Menu Contact/Location

Grant may get Dormont residents in the pool

Pittsburgh Tribune ReviewBy Rick Wills
Wednesday, June 13, 2007

The state Department of Conservation and Natural Resources is giving Dormont $250,000 to boost efforts to restore the borough’s 87-year old pool.
The borough must match the grant. If that happens, the amount raised will be $812,000, the bulk of the $1 million needed to fully upgrade the pool, said John Maggio, president of Friends of Dormont Pool and a Democratic candidate for borough council.

“I am confident we can match the grant,” Maggio said. “We have been able to match other grants we have gotten.”

The state money will pay for rebuilding the pool tank and filtration system, deck paving and landscaping — most of the needed repairs.

“This is the biggest gift we have had so far, and a grant of that magnitude goes a long way toward the pool’s renovation and future,” said Dormont Mayor Thomas Lloyd.
The landmark art-deco pool, which opened in 1920, is believed to be the largest public pool in the state. Other than the addition of a community recreation room in 1996, the facility has undergone little renovation.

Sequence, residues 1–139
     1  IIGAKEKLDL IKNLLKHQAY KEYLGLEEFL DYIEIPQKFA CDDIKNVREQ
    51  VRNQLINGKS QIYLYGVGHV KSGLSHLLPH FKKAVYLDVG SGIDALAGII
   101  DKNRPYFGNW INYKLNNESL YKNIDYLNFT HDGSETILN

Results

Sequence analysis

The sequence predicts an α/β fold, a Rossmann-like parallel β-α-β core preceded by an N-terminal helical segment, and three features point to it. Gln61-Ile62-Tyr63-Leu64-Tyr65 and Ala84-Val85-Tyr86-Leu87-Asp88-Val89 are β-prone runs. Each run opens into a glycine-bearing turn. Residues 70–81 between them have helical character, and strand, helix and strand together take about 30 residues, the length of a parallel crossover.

“It’s important to our borough, and we certainly want to maintain it,” Lloyd said.

State Rep. Tom Petrone, who helped secure the state money, said the pool is one of the region’s most popular attractions.

“The pool is a real selling point for the borough. It’s really a recreational facility for the whole area, and the quality of life in the South Hills would be affected without it,” said Jon Castelli, research analyst for the House Urban Affairs Committee, which Petrone chairs.

In the past 18 months, plans for the pool and surrounding Dormont Park have generated controversy, sparking a grassroots effort to save the pool as some borough officials discussed closing it.

In January, many residents protested after learning that some council members met with private developers interested in commercially developing parts of the park in exchange for building facilities there.

Last month, three Dormont council members, including the council’s president, were ousted in the Democratic primary.

Rick Wills can be reached at or (724) 779-7123.

Pittsburgh History & Landmarks Foundation

100 West Station Square Drive, Suite 450

Pittsburgh, PA 15219

Phone: 412-471-5808  |  Fax: 412-471-1633